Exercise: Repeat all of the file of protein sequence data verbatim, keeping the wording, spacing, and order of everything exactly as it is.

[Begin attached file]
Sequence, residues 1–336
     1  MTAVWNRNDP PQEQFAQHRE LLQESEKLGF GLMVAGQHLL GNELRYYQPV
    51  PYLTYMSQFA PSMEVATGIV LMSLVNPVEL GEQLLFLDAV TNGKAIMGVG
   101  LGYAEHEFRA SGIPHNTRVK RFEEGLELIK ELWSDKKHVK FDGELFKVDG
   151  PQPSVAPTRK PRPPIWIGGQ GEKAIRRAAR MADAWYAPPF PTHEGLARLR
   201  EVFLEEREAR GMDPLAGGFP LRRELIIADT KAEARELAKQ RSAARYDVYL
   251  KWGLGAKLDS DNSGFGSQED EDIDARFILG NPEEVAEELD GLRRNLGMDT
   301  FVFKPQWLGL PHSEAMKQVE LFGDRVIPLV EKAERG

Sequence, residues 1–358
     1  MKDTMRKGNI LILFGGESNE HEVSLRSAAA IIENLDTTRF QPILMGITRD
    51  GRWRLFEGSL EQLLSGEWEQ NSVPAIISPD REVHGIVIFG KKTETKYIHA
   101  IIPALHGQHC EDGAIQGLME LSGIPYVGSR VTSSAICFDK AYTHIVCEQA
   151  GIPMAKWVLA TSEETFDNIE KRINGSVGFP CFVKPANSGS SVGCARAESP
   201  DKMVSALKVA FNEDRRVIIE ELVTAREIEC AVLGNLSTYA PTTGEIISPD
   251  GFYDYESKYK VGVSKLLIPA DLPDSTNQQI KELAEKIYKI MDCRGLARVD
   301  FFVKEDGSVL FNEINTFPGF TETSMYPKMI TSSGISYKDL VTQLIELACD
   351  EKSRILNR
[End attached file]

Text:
Sequence, residues 1–336
     1  MTAVWNRNDP PQEQFAQHRE LLQESEKLGF GLMVAGQHLL GNELRYYQPV
    51  PYLTYMSQFA PSMEVATGIV LMSLVNPVEL GEQLLFLDAV TNGKAIMGVG
   101  LGYAEHEFRA SGIPHNTRVK RFEEGLELIK ELWSDKKHVK FDGELFKVDG
   151  PQPSVAPTRK PRPPIWIGGQ GEKAIRRAAR MADAWYAPPF PTHEGLARLR
   201  EVFLEEREAR GMDPLAGGFP LRRELIIADT KAEARELAKQ RSAARYDVYL
   251  KWGLGAKLDS DNSGFGSQED EDIDARFILG NPEEVAEELD GLRRNLGMDT
   301  FVFKPQWLGL PHSEAMKQVE LFGDRVIPLV EKAERG

Sequence, residues 1–358
     1  MKDTMRKGNI LILFGGESNE HEVSLRSAAA IIENLDTTRF QPILMGITRD
    51  GRWRLFEGSL EQLLSGEWEQ NSVPAIISPD REVHGIVIFG KKTETKYIHA
   101  IIPALHGQHC EDGAIQGLME LSGIPYVGSR VTSSAICFDK AYTHIVCEQA
   151  GIPMAKWVLA TSEETFDNIE KRINGSVGFP CFVKPANSGS SVGCARAESP
   201  DKMVSALKVA FNEDRRVIIE ELVTAREIEC AVLGNLSTYA PTTGEIISPD
   251  GFYDYESKYK VGVSKLLIPA DLPDSTNQQI KELAEKIYKI MDCRGLARVD
   301  FFVKEDGSVL FNEINTFPGF TETSMYPKMI TSSGISYKDL VTQLIELACD
   351  EKSRILNR